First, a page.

Additionally, R-CALF USA believes that effective speculative position limits imposed on all feed grain commodities markets would alleviate the transference of market distortions from the feed grains futures market to the cattle futures market.

“The CFTC must ensure that the cattle futures market is always dominated by bona fide hedgers,” the comments continue. “In addition, the CFTC should strictly curtail, if not completely eliminate, the practice of allowing passive speculation in the commodities futures market by entities that hold large market positions without any interest in the underlying commodity and without any risk relative to the commodity’s production or consumption. We further believe it important that the CFTC recognize the two types of excessive speculation that has invaded the cattle futures market: 1) the excessive speculation by one or more dominant market participants with market shares sufficient to engage in market manipulation (this can include dominant beef packers acting speculatively as discussed above or any other concentrated/dominant speculator), and 2) the excessive speculation by those without any vested interest in the underlying commodity and without any risk relative to the commodity’s production or consumption (including both active and passive speculators). Both of these types of excessive speculation contribute to market distortions that are harmful to bona fide market participants, as well as to consumers who ultimately consume products derived from these commodities.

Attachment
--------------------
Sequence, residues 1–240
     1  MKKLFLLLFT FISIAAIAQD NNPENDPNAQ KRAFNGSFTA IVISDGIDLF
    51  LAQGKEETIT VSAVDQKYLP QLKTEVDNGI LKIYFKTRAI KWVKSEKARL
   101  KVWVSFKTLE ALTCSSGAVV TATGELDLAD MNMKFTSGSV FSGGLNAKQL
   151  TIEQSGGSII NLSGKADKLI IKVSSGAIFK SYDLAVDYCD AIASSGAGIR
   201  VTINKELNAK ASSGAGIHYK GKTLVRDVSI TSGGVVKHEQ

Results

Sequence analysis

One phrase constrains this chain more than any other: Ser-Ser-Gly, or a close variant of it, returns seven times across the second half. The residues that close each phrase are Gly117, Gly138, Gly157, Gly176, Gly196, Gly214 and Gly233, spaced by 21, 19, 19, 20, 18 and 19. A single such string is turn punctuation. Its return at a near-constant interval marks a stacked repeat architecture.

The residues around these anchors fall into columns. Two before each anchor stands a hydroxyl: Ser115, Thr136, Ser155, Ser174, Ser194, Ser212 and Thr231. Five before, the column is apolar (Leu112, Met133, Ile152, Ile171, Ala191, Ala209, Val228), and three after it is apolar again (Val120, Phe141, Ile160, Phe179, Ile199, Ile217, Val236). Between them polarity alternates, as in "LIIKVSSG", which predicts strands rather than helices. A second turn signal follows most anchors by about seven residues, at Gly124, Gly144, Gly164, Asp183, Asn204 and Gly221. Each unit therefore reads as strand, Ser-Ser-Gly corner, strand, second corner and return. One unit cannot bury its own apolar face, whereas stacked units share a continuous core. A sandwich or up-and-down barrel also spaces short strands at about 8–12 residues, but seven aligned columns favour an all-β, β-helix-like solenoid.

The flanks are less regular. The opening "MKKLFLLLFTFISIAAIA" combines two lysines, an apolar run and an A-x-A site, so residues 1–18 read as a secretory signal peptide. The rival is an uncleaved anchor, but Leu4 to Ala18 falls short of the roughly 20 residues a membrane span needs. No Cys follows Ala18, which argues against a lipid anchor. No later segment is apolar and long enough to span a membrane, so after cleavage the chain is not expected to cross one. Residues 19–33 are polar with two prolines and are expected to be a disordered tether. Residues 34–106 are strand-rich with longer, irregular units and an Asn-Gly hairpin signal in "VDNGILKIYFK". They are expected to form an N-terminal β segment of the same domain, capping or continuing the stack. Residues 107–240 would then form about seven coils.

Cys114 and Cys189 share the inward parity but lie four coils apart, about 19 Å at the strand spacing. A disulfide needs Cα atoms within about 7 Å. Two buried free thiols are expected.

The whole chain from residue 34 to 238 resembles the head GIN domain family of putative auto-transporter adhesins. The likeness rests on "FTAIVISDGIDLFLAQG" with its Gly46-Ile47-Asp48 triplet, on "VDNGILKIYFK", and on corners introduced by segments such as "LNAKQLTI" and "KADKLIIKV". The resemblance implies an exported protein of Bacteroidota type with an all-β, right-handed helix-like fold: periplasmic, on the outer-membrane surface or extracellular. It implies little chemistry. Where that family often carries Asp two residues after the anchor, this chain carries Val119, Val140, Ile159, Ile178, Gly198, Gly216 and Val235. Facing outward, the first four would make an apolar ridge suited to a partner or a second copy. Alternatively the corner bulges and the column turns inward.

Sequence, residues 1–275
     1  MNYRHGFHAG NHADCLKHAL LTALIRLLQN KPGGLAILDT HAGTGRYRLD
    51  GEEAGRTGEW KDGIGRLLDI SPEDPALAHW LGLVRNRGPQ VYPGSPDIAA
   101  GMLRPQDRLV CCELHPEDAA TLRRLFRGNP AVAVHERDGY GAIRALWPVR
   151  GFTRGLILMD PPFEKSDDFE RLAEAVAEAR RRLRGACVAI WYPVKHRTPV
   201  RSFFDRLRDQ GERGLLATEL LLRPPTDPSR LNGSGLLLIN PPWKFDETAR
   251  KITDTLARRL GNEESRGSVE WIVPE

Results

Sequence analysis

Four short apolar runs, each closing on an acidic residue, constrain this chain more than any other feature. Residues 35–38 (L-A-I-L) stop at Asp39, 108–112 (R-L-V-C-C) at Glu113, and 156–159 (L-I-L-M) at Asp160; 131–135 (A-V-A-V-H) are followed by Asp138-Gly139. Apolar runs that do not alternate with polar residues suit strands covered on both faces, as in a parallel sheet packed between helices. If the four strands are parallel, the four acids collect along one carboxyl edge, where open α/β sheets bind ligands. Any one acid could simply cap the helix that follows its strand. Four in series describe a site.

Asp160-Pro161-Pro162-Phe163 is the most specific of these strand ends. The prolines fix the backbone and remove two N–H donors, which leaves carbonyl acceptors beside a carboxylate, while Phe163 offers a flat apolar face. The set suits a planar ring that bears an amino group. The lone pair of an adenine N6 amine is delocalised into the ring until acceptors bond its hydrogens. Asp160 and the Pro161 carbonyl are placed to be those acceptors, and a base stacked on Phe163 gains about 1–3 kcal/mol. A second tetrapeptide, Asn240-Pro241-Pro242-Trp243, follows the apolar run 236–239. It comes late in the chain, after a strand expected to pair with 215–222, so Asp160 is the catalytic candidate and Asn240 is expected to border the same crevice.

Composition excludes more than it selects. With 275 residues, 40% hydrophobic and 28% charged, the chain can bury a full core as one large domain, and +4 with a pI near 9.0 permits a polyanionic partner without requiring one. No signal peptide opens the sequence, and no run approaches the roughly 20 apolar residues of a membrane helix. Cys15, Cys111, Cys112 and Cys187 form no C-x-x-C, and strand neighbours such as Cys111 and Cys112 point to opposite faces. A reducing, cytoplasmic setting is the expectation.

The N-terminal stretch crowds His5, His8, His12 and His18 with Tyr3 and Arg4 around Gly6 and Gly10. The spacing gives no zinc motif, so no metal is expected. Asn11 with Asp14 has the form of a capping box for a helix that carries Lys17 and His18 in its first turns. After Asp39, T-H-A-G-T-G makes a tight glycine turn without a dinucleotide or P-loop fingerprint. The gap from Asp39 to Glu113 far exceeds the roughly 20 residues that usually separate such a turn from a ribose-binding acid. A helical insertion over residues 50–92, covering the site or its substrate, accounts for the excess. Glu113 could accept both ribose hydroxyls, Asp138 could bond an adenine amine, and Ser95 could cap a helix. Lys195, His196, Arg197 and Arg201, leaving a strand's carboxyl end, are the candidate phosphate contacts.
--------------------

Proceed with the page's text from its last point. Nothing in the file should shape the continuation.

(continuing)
R-CALF USA also recommended that daily market price limits be restored to levels that minimize market volatility. “The previous daily market limit in the cattle futures market of $1.50, which could still be adjusted upward following extended periods of limit movement, resulted in far less volatility than the current $3.00 daily market limit.”

And, R-CALF USA said it wanted to reform the practice of allowing cash settlements on futures contracts in lieu of actual delivery of the commodity, a practice that effectively lowers the cattle futures price on the day of contract expiration.

“We look forward to working with the CFTC to eliminate manipulation and other practices that have caused artificial price distortions in the commodities futures market and relegated the cattle futures market to an ineffective tool for price discovery and risk management for U.S. cattle producers,” the comments conclude. “We appreciate the CFTC’s Proposed Rulemaking that acknowledges many of the key factors that have contributed to the commodity futures market’s perverse outcome and we encourage the CFTC to take the additional steps recommended above to ensure that the commodities futures market can function as a meaningful price discovery and risk management tool for the U.S. cattle industry.”